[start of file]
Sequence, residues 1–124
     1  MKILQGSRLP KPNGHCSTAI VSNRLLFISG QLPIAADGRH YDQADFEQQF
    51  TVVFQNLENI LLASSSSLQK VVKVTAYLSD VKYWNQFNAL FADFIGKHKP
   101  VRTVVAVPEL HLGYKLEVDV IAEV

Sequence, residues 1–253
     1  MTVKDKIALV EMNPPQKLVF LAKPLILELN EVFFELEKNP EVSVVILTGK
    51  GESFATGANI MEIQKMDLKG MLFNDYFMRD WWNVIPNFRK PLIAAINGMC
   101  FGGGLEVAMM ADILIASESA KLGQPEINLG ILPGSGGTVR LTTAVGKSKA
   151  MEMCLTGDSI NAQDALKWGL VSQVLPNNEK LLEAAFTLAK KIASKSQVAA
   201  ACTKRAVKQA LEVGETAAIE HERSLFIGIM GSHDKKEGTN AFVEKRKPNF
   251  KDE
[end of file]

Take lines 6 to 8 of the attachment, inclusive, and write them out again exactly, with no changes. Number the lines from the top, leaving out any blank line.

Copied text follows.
     1  MTVKDKIALV EMNPPQKLVF LAKPLILELN EVFFELEKNP EVSVVILTGK
    51  GESFATGANI MEIQKMDLKG MLFNDYFMRD WWNVIPNFRK PLIAAINGMC
   101  FGGGLEVAMM ADILIASESA KLGQPEINLG ILPGSGGTVR LTTAVGKSKA